4. Be Responsive: This is in no way in opposition to the previous point, but rather, it is in conjunction. Organizations need to be responsive to their employees and the community being served (directly and indirectly). To be responsive, organizations must know the strengths and capabilities of their staff and trust their staff to do the jobs they were hired to do.  Additionally, organizations must know their customers.  Organizational leader should frequently try to ascertain, “Who are our customers, what are their expectations, what services should we be providing, and how do we know this information?” Effective response strategies enables a company to deliver the highest standards of employee and/or customer care at a time when it is needed. Technology now affords individuals and businesses with the ability to be responsive in minutes. We live in the age of blogs, text messaging, Skype, Facebook, Twitter, Foursquare, LinkedIn, Myspace, Email, and a host of other new media technologies that enable rapid communication among connected individuals, in addition to the telephone whether mobile or landline (as landlines still have their place and usage in our society). With all these varied potential methods of communication, it would be rather difficult for a company or its leadership not to be responsive.
  5. Cultural-Diversity-Is-Good-For-Business-2Be Dynamic: Static by its very definition means lacking in movement, action, or change, especially in a way viewed as undesirable or uninteresting. Static businesses are eventually viewed with having “Going Out of Business” signs in their windows. Businesses are in place to meet specific societal needs. When those needs are no longer being met; realistically, there is no need for that specific type of business. When an organization understands the value of being dynamic, they tend to be creative and innovative. Earlier this year, Business Week published an article titled: “For Corporate Training, MGM Resorts Puts on a Show”.  At first glance, the article appears simple and unassuming. However, when the nuts and bolts are analyzed, the reader learns that MGM wanted to get their message of being “the greatest company in the world” out “fast enough” and in “a way to reach everyone” in the organization. So gone was the use of PowerPoint slides and in was a show written, produced, and starring MGM employees – Inspiring Our World: A Musical Journey, which explored MGM’s commitment to diversity and sustainability. The noted highlight of the production was a series of employee testimonials about race, gender, religious, and weight-related discrimination. This was MGM’s attempt to increase attendance and get all of their 62,000 Las Vegas-based employees through its corporate diversity program.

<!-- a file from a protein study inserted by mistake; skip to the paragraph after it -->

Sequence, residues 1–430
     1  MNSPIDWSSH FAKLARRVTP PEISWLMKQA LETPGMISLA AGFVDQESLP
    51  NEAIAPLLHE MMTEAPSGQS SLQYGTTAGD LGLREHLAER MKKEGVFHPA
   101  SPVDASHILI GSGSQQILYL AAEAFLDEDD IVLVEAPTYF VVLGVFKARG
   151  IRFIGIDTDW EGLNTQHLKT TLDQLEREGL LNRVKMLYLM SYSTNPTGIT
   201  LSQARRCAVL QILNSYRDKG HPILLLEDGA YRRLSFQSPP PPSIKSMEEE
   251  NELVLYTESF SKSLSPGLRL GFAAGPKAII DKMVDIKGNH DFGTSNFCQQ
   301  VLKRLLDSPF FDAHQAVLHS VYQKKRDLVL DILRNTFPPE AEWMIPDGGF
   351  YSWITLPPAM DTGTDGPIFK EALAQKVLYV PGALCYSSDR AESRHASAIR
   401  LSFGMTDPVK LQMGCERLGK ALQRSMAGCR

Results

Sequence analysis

Successful businesses are mirrors of the leaders at the helm. Leaders demonstrating these skills are in reality organizations demonstrating these skills. As we move toward fostering a more equitable and inclusive society, we must be very mindful of where we are organizationally and where we are headed. Not being cognizant of these items is being irresponsible.

At the end of the day, we need to ask ourselves:

What, if anything, do we truly lose by not valuing diversity?